Patients’ conceptualizations of responsibility for healthcare: A typology

Heavey, E. (Speaker), Justin Waring (Contributor to Paper or Presentation), Aoife De Brún (Contributor to Paper or Presentation), Pamela Dawson (Contributor to Paper or Presentation), Jason Scott (Contributor to Paper or Presentation)

Activity: Talk or presentation typesOral presentation

Description

Patients’ experiences of care in general and safety in particular have long been a focus within medical sociology. However, there remains little sociological understanding of how patients conceptualise responsibility for care, and less still about how they conceptualise responsibility for safety. This absence is striking, given the current emphasis on engaging patients as active participants in their own healthcare, including their own safety. Such involvement requires patients to recognise and accept some level of responsibility; understanding whether and how they perceive this responsibility, and how it relates to their perceptions of professional responsibility, is a vital step in encouraging engagement and - of equal importance - mitigating an absence of engagement.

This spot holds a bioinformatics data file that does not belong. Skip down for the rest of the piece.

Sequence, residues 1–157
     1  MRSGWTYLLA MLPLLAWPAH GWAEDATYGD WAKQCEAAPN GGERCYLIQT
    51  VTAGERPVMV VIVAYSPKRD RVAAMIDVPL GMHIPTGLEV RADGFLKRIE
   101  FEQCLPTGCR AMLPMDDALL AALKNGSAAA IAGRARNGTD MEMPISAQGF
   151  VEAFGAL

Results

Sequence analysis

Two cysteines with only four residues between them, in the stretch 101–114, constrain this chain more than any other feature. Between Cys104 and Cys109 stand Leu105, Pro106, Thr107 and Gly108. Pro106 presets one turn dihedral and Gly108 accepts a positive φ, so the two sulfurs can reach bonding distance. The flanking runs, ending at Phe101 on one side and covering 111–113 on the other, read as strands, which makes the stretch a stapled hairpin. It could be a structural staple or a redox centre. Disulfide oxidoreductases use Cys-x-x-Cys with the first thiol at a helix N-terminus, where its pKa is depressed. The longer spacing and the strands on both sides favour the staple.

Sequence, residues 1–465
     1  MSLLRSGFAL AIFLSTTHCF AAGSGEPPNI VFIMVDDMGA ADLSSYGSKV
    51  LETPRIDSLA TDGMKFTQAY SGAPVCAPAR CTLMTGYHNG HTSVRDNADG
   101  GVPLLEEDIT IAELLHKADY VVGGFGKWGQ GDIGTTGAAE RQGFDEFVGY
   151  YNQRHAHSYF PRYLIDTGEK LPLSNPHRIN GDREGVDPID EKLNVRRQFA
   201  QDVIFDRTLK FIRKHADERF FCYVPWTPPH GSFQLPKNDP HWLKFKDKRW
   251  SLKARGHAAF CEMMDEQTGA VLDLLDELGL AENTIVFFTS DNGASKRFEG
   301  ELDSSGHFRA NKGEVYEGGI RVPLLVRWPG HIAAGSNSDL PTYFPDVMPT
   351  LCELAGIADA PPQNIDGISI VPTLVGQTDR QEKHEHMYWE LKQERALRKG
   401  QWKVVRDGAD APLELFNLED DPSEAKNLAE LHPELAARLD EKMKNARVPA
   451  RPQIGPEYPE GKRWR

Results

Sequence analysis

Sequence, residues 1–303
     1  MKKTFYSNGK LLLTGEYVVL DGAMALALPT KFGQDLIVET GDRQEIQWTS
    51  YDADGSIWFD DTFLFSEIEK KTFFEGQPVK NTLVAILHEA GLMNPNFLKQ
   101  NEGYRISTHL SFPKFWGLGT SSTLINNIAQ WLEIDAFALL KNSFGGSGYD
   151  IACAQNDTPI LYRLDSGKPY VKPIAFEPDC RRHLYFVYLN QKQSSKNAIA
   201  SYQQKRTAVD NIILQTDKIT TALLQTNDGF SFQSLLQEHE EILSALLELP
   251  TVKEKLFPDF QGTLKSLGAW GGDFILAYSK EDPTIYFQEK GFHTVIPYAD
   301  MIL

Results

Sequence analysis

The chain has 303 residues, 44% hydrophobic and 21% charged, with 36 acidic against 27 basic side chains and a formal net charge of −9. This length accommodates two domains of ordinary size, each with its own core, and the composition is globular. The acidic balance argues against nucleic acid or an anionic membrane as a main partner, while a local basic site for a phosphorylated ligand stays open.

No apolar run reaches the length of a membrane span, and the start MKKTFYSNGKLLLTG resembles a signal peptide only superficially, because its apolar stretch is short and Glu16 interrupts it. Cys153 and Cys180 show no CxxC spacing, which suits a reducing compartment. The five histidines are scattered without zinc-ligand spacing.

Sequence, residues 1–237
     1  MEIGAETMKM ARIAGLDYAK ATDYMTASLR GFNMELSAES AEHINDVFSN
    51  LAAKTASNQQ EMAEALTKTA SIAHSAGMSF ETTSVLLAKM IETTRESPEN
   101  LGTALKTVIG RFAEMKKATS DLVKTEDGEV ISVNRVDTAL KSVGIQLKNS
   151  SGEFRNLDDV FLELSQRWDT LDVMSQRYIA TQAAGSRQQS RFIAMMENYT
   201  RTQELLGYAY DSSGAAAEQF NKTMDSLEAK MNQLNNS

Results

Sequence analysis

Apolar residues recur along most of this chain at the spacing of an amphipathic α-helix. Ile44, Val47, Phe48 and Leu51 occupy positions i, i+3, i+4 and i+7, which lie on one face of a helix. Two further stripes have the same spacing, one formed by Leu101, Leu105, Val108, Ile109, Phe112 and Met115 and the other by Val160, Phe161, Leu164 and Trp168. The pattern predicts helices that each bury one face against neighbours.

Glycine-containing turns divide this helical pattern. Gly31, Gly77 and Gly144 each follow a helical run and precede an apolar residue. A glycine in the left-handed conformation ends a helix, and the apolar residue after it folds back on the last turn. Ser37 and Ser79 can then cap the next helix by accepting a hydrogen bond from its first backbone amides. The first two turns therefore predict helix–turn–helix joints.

This paper examines how patients conceptualise responsibility for their healthcare and make sense of the complex boundaries between patient and professional roles. Focusing on the specific case of patient safety, narrative methods were used to analyse semi-structured interviews with 28 patients recently discharged from hospital in England. Patients told stories about their own and others’ experiences in the hospital setting, including experiences of being or feeling safe and experiences of harm or risk. These stories variously attributed responsibility to staff, to patients, and to both groups.

We present a typology of attribution, which demonstrates that these attributions are informed by two dimensions of responsibility: basis and contingency. The basis of responsibility is the reason for holding an individual or group responsible. The contingency of responsibility is the extent to which that attribution is contextually situated. The paper contributes to knowledge about responsibility in complex organisational environments, and offers a set of conceptual tools for exploring patients’ understanding of responsibility in such contexts. There are implications for addressing patient engagement in care, within and beyond the field of patient safety.
Period11 Sep 2019 - 13 Sep 2019
Held atBritish Sociological Society - Medical Sociology Society Annual Conference
Event typeConference
LocationYork, United Kingdom
Degree of RecognitionNational